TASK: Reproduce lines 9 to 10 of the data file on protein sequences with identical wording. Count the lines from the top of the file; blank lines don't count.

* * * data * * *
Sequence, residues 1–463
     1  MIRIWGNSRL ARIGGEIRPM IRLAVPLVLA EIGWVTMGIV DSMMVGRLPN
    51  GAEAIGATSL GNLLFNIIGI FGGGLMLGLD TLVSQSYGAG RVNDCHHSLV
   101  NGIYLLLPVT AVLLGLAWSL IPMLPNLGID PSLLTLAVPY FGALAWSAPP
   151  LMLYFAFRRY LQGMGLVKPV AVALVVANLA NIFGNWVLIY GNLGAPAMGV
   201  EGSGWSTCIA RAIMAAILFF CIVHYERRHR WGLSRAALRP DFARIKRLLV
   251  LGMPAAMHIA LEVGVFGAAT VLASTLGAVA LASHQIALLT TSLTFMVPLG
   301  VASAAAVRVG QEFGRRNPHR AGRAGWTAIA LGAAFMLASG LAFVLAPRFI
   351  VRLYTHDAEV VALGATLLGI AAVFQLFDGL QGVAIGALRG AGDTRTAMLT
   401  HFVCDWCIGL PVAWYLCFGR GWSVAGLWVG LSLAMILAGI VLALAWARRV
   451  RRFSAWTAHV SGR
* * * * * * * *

   351  VRLYTHDAEV VALGATLLGI AAVFQLFDGL QGVAIGALRG AGDTRTAMLT
   401  HFVCDWCIGL PVAWYLCFGR GWSVAGLWVG LSLAMILAGI VLALAWARRV